New Ontario regulations and fee changes begin July 1
Starting July 1, changes to legislation and Ontario regulations come into effect that will increase government transparency, strengthen protection for patients and workers, cut red tape for business and make life easier for Ontarians.
- The appointment of Ontario’s first-ever Patient Ombudsman to help meet the needs of patients who have not had their concerns resolved through existing complaint mechanisms, with the office officially opening on July 4, the first business day of the month
- Changes to the Lobbyists Registration Act to give the Integrity Commissioner the authority to investigate alleged violations of the act, the ability to prohibit lobbying for up to two years and the ability to provide guidance and direction on lobbyist conduct
- Amendments to the Occupational Health and Safety Act and associated regulations to improve workers’ safety, including extending noise protection to all workplaces covered under the act and adopting new international standards to provide employers and workers with consistent health and safety information about hazardous workplace chemicals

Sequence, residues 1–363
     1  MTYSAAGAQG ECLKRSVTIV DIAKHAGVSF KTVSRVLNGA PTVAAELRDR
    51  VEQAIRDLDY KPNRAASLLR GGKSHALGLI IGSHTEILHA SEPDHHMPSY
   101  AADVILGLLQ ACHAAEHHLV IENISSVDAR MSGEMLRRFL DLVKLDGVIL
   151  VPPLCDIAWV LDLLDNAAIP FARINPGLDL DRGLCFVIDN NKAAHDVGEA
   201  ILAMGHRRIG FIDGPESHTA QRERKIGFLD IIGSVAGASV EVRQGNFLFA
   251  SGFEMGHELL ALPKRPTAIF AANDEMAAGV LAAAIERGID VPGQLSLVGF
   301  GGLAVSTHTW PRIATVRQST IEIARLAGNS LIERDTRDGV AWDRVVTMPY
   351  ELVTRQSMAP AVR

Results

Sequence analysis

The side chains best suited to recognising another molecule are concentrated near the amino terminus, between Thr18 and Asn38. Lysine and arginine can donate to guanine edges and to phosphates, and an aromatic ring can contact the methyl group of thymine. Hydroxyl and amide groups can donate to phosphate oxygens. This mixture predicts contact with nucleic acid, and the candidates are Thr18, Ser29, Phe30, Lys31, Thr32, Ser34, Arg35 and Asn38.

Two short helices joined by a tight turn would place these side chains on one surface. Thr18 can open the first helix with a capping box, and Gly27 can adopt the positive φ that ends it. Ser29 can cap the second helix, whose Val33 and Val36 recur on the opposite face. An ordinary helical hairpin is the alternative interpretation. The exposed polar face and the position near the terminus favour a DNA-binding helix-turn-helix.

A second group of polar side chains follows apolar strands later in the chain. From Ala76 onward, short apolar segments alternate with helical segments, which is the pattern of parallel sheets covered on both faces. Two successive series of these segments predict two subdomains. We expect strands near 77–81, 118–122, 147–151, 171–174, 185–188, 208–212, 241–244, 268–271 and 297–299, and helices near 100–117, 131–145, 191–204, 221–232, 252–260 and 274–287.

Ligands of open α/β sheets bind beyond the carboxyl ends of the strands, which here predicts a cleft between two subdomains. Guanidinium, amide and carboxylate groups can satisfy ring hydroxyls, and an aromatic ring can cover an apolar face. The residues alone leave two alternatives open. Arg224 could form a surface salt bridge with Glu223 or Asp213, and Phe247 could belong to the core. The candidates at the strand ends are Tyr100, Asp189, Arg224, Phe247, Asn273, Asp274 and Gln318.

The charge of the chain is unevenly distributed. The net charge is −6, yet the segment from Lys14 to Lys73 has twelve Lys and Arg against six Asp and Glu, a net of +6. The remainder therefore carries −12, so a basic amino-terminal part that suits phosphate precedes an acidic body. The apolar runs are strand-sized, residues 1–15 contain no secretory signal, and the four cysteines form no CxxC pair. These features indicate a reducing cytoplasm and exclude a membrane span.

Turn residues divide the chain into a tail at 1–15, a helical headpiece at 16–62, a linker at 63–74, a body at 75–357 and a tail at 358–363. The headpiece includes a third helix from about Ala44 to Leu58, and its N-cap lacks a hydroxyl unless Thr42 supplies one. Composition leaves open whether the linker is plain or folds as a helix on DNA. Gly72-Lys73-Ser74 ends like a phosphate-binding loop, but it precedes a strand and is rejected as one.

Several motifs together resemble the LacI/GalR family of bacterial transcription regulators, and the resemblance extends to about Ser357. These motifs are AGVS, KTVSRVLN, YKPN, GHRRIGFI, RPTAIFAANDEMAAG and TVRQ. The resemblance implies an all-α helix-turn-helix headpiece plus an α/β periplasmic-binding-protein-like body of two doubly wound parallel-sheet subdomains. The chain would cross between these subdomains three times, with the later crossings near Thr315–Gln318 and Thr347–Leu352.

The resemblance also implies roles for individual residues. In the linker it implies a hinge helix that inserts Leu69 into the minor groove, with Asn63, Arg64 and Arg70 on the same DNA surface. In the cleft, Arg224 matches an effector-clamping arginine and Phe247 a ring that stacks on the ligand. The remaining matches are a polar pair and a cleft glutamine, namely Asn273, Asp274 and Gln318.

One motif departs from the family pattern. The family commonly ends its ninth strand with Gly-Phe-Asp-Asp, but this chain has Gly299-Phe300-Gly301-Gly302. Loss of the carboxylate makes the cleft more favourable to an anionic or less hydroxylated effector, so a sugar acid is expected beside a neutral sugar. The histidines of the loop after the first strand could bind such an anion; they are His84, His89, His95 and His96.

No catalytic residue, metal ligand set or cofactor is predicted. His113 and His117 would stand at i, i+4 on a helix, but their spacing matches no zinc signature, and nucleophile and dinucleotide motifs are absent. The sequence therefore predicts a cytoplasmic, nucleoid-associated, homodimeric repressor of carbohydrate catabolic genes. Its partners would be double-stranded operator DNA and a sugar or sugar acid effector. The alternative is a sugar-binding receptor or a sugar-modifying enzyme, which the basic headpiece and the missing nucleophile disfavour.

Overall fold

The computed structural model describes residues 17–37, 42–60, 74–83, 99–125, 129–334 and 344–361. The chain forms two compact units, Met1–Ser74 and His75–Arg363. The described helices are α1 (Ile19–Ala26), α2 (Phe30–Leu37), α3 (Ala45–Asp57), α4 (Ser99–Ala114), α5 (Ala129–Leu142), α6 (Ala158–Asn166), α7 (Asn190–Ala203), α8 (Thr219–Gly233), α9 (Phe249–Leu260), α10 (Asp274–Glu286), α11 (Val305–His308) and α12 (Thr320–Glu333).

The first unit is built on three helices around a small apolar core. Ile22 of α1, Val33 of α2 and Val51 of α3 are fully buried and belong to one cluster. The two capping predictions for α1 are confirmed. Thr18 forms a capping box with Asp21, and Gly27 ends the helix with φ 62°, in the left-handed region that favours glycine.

- Allowing manufacturers of beverage alcohol to have a bar or restaurant at each of their licensed manufacturing sites, and for the patrons to carry the same open serving of liquor (e.g., a glass of wine) from one licensed area (e.g., an on-site store, restaurant or tour area) to another
- Amendments to reduce the burden on franchise businesses by providing rules for more efficient ways to disclose documents.
“Legislation and regulations always need to evolve in order to increase transparency, protect patients and workers, save time and money for business, and make life easier for people across the province. These changes will help our government deliver on our top priority to grow the economy and create good jobs.”— Kathleen Wynne, Premier of Ontario
Updating laws and regulations to better serve Ontarians is part of the government’s economic plan to build Ontario up and deliver on its number-one priority to grow the economy and create jobs. The four-part plan includes helping more people get and create the jobs of the future by expanding access to high-quality college and university education. The plan is making the largest infrastructure investment in hospitals, schools, roads, bridges and transit in Ontario’s history and is investing in a low-carbon economy driven by innovative, high-growth, export-oriented businesses. The plan is also helping working Ontarians achieve a more secure retirement.